Soil-biodegradable and compostable materials are increasingly used in agriculture. Certified soil-biodegradable mulch films have been applied on agricultural soils for more than 20 years and their agronomical behaviour and end-of-life have been extensively assessed. They are proven to have a similar agronomical efficiency compared to conventional, non-biodegradable plastics, specifically in terms of increase of yield and quality of crops, control of weeds and increase of soil temperature and moisture. At the same time, they allow the reduction of inputs for cultivation (e.g. herbicides) and add a carbon source into the soil, which can be used, for example, as an energy source by soil microorganisms.

Certified soil-biodegradable mulch films do not cause loss of agricultural topsoil, whereas non-biodegradable mulch films drag away soil from the fields in a quantity estimated at around 166 kton/yr for Europe when recovered at the end of the crop cycle.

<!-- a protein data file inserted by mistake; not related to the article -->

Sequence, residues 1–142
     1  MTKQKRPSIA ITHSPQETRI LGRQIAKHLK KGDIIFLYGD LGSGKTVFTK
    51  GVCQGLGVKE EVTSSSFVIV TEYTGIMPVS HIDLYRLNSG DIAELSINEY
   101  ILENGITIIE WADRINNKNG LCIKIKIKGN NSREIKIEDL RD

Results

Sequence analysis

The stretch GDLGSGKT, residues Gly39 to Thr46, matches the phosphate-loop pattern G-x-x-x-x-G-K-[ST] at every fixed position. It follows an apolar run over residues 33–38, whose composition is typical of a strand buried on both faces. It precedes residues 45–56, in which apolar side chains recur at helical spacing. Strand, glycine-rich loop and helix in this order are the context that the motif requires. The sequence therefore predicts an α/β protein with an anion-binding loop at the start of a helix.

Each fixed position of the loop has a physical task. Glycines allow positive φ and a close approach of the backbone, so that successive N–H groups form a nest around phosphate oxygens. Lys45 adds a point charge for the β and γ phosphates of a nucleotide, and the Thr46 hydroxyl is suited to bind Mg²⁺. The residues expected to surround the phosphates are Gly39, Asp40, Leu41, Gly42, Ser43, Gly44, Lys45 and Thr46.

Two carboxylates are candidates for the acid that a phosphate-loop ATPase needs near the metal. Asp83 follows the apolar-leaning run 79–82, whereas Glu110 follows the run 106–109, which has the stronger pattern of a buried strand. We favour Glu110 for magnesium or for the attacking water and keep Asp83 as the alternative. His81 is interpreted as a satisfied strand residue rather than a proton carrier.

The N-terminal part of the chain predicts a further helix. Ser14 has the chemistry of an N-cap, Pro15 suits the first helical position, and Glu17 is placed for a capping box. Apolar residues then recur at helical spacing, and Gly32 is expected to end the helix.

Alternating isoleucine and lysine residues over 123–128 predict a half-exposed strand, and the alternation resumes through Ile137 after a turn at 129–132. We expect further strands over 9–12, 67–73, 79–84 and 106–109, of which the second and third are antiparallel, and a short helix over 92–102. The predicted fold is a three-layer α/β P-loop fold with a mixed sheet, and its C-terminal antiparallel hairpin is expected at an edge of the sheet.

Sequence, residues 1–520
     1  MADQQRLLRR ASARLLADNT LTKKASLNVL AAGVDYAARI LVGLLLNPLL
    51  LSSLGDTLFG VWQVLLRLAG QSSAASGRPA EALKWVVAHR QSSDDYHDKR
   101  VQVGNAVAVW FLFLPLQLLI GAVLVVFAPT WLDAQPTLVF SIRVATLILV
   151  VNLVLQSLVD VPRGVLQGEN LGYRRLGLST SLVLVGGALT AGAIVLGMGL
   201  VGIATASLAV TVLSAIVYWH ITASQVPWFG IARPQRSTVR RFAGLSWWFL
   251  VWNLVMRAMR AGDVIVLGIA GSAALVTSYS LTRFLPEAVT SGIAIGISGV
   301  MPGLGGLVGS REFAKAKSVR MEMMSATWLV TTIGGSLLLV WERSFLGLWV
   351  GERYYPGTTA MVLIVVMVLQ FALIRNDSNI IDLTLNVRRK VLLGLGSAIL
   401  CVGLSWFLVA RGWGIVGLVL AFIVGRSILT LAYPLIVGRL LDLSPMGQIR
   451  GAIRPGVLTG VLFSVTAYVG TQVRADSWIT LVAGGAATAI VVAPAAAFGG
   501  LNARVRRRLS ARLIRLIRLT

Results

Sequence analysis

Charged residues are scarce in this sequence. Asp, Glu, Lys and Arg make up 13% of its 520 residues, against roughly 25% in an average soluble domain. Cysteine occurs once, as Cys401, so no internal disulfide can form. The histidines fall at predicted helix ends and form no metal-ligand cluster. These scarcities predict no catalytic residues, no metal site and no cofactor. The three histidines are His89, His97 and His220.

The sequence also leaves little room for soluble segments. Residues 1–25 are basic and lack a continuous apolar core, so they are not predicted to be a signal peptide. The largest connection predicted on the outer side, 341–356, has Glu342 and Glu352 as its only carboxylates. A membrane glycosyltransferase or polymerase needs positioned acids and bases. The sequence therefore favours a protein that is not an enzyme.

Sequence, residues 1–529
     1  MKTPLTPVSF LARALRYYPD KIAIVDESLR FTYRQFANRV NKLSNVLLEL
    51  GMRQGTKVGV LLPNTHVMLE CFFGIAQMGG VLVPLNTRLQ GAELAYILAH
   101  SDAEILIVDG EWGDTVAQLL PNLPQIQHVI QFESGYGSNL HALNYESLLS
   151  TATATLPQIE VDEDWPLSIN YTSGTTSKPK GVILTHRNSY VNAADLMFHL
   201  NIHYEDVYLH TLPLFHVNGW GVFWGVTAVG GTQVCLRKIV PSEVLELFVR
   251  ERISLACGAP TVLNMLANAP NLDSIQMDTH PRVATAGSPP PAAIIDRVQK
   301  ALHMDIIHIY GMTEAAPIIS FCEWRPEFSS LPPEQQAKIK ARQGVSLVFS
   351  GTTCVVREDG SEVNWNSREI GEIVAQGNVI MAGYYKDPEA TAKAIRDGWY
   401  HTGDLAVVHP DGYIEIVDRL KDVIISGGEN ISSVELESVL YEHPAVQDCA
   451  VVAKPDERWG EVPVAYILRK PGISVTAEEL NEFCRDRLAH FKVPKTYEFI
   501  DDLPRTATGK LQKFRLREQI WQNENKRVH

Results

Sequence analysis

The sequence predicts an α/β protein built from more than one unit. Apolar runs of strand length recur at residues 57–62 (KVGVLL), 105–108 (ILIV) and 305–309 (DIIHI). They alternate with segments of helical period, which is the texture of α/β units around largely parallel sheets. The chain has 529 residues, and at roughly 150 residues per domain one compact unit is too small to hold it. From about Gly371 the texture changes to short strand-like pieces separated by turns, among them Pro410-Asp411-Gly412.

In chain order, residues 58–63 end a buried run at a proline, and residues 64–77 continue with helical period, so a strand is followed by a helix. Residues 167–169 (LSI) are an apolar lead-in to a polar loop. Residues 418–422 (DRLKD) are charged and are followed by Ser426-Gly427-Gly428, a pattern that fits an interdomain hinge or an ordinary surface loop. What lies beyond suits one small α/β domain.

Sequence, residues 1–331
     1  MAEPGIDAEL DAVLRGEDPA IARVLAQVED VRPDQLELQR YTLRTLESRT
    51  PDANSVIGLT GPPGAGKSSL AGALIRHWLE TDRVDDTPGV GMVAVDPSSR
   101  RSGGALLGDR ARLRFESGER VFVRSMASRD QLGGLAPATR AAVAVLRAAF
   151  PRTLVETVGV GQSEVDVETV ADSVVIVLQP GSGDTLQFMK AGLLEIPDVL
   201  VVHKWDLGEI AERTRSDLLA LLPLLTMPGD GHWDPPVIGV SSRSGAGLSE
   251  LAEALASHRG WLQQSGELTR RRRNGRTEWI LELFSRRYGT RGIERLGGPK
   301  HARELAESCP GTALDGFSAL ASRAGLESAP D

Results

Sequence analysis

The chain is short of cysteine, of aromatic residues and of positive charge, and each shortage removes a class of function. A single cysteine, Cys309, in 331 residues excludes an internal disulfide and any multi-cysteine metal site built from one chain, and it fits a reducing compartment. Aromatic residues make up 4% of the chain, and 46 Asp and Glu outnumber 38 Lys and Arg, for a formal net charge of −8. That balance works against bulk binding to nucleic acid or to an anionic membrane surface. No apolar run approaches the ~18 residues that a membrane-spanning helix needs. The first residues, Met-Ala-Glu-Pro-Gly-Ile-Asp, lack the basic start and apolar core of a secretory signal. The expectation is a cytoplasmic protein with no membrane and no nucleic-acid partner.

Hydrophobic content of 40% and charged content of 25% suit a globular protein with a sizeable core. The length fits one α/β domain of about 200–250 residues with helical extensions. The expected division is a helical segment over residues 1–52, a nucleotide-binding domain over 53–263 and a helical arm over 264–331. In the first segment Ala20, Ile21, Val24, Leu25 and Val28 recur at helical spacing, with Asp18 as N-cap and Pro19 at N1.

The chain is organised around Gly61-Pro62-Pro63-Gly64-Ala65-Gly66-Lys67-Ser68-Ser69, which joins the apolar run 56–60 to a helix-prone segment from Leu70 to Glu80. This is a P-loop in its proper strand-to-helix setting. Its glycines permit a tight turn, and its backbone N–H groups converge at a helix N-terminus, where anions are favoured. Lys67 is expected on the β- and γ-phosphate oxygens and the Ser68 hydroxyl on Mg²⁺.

Due to their biodegradability properties, certified soil-biodegradable mulch films help to stop leakage and the accumulation of microplastics in agricultural soils, unlike conventional plastics when these are not completely removed nor properly disposed of. Furthermore, they reduce at source the production of a plastic waste difficult to recycle. This is confirmed in the EU Commission’s “Policy framework on biobased, biodegradable and compostable plastics”.

As such, incorporating this innovative product into the Fertilising Product Regulation (FPR) would tackle several environmental and agronomic challenges at once, including the need to produce more food from less land and farm more sustainably using less resources.